Clifton Lodge Hotel in the early 1920s [Z564/6]
Clifton Manor seems to have been the seat of the Manor of Clifton Lacies. It is shown as Clifton Lodge on 25 inches to the mile Ordnance Survey maps in 1883 and 1901 but by 1923 it has become Clifton Manor. It was listed by the former Ministry of Works in January 1952 as Grade II, of special interest. The ministry stated that it had seventeenth century origins, although it was substantially extended in the 19th century. The last time the listing was altered the building was subdivided into two properties called Clifton Manor House (the original building) and Court House (the 19th century additions) respectively. The original structure is a timber-framed building, the later additions being in yellow brick.
The first document to mention the manor house held by Bedfordshire and Luton Archives and Records Service is an agreement of 1806 in which the manor house forming part of the Manor of Clifton Lacies, then occupied by John Arch is to be sold by Simpson Anderson to Samuel Henley Ongley of Graffham [Huntingdonshire] [HF13/5/17]. The next year the house was insured with Royal Exchange Assurance for £900 [HF13/5/18]. The tenant John Arch purchased The Grange in 1809 and the following year Samuel Henley Ongley leased the manor house, and a quantity of land, to his sister Catherine Fremantle of Clifton, widow, for twenty one years [HF13/5/19]. The Manor and land was put up for sale on Ongley's death in 1823 [HF13/5/24].
Interestingly, the sale particulars do not include the manor house but begin with "The VILLA called CLIFTON COTTAGE". It seems likely that this was, in fact, the manor house, which had undergone the first in a number of name changes as it is unlikely that the Manor would have been sold without the manor house and the description, so far as can be determined, would fit. The description is as follows: "secluded from the Village, situate at an agreeable distance from the turnpike road, and ornamented with Plantations, Shrubberies, Pleasure-Gardens and Gardens, through which is an approach to the House, and which with the Kitchen Gardens, Yard and Buildings occupies about four Acres. The House is in good repair, and contains on the ground floor a neat entrance Hall, with French Glass Doors, a Dining-room, 19 feet by 14 feet 9 inches a small Breakfast-room and a handsome Drawing-room with French Windows, commanding the Lawn, and communicating with a Conservatory attached; and excellent Kitchen with Scullery, Butler's Pantry, dairy and convenient Cellars. Above are five good Bed-chambers, two of them with dressing-rooms, five Servants' Rooms, and a Store-room. The OUT-OFFICES comprehend Stabling for twelve horses, a double Coach-house, with Harness-rooms, a Dove-cot, Brewhouse, Wash-house, Laundry, Coal-yard, Woodhouse, and other convenient Buildings. At the back is a FARM YARD with a large timber-built and tiled Barn, Cow-house for eight Cows, and every other requisite Convenience for a Farm".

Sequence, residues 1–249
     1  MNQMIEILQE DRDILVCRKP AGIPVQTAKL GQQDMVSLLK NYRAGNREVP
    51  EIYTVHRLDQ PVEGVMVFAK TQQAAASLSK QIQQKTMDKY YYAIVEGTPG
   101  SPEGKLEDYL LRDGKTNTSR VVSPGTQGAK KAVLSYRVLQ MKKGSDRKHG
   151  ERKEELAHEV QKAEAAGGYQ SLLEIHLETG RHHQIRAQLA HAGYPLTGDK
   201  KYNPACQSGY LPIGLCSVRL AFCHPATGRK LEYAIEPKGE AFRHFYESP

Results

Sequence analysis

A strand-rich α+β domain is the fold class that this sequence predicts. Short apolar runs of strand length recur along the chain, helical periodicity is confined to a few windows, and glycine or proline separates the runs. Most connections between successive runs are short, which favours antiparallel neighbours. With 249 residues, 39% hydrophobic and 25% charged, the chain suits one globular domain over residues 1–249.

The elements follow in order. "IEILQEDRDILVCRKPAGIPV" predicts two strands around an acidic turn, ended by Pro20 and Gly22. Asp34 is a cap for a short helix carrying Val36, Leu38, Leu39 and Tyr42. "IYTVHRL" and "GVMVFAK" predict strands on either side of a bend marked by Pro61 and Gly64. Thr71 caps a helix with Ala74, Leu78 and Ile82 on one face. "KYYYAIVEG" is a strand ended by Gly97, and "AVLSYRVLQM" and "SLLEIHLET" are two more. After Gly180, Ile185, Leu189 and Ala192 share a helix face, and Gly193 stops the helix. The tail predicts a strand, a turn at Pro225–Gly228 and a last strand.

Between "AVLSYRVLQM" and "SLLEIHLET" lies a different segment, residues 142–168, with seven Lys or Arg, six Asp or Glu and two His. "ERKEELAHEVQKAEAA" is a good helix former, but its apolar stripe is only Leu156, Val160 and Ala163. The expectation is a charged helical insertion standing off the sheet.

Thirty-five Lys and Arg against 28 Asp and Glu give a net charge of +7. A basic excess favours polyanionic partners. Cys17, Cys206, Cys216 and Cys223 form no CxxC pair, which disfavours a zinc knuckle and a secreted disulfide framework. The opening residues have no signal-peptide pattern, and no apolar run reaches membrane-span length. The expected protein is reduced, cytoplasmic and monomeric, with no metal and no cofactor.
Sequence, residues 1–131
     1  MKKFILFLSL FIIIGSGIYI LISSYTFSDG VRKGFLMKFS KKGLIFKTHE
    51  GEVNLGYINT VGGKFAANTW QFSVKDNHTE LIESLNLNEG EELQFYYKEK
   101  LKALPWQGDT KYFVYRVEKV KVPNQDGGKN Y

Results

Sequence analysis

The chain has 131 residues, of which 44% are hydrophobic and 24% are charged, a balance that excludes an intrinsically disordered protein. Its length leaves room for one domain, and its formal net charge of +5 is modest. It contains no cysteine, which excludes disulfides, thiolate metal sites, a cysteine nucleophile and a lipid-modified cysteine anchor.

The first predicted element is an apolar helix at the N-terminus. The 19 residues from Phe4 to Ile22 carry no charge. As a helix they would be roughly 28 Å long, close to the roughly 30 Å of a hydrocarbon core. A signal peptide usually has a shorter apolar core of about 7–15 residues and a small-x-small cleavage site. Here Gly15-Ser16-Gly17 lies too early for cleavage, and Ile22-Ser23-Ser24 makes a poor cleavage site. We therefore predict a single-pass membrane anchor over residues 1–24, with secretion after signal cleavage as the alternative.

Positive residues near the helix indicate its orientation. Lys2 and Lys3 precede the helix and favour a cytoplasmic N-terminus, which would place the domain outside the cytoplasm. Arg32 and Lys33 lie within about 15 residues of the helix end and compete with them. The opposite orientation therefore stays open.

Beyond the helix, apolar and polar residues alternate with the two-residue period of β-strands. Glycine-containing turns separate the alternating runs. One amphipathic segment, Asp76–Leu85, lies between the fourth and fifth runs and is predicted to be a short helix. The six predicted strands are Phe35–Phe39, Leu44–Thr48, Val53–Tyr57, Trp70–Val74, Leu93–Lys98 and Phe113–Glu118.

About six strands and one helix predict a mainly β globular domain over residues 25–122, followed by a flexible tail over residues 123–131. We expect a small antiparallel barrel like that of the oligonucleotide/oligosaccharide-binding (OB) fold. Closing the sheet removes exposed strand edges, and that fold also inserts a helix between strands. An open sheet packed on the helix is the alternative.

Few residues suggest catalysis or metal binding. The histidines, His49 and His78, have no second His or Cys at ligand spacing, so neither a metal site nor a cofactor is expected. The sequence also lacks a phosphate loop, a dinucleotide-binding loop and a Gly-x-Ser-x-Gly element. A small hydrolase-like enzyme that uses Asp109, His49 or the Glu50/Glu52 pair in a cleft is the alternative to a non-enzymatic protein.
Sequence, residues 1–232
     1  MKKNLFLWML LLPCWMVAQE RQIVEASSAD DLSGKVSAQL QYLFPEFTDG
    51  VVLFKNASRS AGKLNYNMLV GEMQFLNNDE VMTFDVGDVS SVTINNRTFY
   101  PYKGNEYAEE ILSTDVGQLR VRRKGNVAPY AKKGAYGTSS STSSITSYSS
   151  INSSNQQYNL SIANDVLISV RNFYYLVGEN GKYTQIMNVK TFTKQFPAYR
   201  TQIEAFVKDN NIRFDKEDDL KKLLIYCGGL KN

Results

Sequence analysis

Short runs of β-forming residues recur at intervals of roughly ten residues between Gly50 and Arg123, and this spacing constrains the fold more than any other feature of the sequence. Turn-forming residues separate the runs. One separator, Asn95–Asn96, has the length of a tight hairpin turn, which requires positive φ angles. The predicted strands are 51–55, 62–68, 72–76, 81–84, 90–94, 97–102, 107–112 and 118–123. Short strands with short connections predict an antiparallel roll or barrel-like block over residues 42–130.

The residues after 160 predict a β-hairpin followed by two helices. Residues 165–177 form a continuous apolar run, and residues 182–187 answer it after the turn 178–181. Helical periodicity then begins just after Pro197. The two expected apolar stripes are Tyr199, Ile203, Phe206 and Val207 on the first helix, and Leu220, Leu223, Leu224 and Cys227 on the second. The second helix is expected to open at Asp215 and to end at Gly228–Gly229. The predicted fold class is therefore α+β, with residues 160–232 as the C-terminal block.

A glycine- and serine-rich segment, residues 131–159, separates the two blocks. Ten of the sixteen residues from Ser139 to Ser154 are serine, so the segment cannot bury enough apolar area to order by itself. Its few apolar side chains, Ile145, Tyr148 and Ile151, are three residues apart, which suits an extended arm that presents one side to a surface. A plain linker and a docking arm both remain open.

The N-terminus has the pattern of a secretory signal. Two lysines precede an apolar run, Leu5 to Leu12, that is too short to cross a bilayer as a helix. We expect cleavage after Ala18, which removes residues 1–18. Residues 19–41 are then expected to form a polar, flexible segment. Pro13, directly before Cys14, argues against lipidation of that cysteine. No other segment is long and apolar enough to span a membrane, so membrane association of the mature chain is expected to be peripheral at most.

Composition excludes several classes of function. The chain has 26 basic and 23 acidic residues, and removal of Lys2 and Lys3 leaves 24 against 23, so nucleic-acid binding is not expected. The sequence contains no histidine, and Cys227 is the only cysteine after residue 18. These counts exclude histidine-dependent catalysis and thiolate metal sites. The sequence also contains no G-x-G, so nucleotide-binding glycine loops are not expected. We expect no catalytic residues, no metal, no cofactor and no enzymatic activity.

Bedfordshire and Luton Archives and Records Service has a photocopy of a flier for the building when it was run as Clifton Lodge Hotel in the early 1920s [Z564/6]. The flier boasted: "First-class service and food in the seclusion of unspoilt English Country. One mile from direct main road to London". Terms were as follows:
En pension (including service, baths, boots, light) from £3/3/-
- Bed and Breakfast 8/6
- Luncheon 2/6
- Tea 1/3
- Dinner 3/6
- Garage 1/- per day
- Dog Boarders (at owner's risk) 10/- per week
- Early Morning Tea 2/6 per week
- Garage 5/- per week
- Dogs 6/- per week
- Meals in Own Room9d each
- Tennis 1/6 per hour
"Guests met on arrival at Arlesey Station (by appointment) at a nominal charge of 2/6, including luggage".
The Rating and Valuation Act 1925 specified [Section 19 (1)] that every piece of land and property in the country be valued to determine the rateable value. Clifton, like most of Bedfordshire, was assessed in 1927 and the valuer visiting Clifton House, described it as Clifton Lodge despite the name change evident from the 1923 Ordnance Survey map! [DV1/R47/57]. He further noted that it was owned by R. de V. Pryor and occupied by F. Humphreys who paid £120 per annum rent on a seven year lease, fixed in 1922. This suggests that 1922 was the date at which the building ceased to be a hotel.
Downstairs accommodation comprised: a hall ("poor"); ball or play room measuring 19 feet by 15 feet, 12 feet by 10 feet and 10 feet 6 inches by 8 feet; dining room measuring 18 feet by 15 feet; lobby; drawing room measuring 16 feet by 22 feet 6 inches; a store; a W. C.; a pantry ("now used for cloaks"); a dairy; a pantry; a kitchen ("light and good"); a scullery; a lamp room and an office. The first floor comprised eight bedrooms, a maid's bedroom, two other small bedrooms, 2 W. C. s, a dressing room, a bathroom, a house maid's parlour and a sitting room.